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Ionizing radiation increases the endothelial permeability and the transendothelial migration of tumor cells through ADAM10-activation and subsequent degradation of VE-cadherin

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Abstract

Background

We analyzed the changes in permeability of endothelial cell layers after photon irradiation, with a focus on the metalloproteases ADAM10 and ADAM17, and on VE-cadherin, components crucial for the integrity of endothelial intercellular junctions, and their roles in the transmigration of cancer cells through endothelial cell monolayers.

Methods

Primary HUVEC were irradiated with 2 or 4 Gy photons at a dose rate of 5 Gy/min. The permeability of an irradiated endothelial monolayer for macromolecules and tumor cells was analyzed in the presence or absence of the ADAM10/17 inhibitors GI254023X and GW280264X. Expression of ADAM10, ADAM17 and VE-Cadherin in endothelial cells was quantified by immunoblotting and qRT. VE-Cadherin was additionally analyzed by immunofluorescence microscopy and ELISA.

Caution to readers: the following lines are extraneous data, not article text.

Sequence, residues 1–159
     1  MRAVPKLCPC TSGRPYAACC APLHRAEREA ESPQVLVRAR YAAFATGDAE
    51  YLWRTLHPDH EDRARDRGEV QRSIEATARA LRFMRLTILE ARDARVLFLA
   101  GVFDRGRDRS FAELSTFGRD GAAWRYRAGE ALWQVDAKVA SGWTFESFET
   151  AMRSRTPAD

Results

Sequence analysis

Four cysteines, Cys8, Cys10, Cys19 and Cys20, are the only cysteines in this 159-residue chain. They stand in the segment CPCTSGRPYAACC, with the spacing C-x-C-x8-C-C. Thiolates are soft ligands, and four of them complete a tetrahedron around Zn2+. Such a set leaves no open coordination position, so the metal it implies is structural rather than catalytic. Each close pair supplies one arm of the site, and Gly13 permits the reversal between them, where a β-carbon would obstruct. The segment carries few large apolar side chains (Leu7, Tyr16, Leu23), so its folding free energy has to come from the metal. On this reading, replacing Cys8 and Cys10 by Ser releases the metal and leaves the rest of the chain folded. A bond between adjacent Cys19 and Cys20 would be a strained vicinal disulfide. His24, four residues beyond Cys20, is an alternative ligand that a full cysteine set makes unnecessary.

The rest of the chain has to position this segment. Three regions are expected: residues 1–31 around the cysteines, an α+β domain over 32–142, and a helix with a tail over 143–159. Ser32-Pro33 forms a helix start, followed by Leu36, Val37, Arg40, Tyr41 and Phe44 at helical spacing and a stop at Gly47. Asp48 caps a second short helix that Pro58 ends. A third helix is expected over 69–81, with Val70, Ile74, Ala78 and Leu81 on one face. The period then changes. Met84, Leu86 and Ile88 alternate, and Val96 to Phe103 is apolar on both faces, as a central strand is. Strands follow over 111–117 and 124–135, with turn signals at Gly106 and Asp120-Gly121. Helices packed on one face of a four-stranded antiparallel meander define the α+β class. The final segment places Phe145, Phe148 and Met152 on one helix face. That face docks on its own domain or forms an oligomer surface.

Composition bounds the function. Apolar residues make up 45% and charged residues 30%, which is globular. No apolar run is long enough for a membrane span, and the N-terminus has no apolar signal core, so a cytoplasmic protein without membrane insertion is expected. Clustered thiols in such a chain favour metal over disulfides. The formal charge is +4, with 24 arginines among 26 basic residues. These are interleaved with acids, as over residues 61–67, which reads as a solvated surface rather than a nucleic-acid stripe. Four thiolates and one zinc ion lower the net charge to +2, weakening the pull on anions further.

Results

Ionizing radiation increased the permeability of endothelial monolayers and the transendothelial migration of tumor cells. This was effectively blocked by a selective inhibition (GI254023X) of ADAM10. Irradiation increased both, the expression and activity of ADAM10, which led to increased degradation of VE-cadherin, but also led to higher rates of VE-cadherin internalization. Increased degradation of VE-cadherin was also observed when endothelial monolayers were exposed to tumor-cell conditioned medium, similar to when exposed to recombinant VEGF.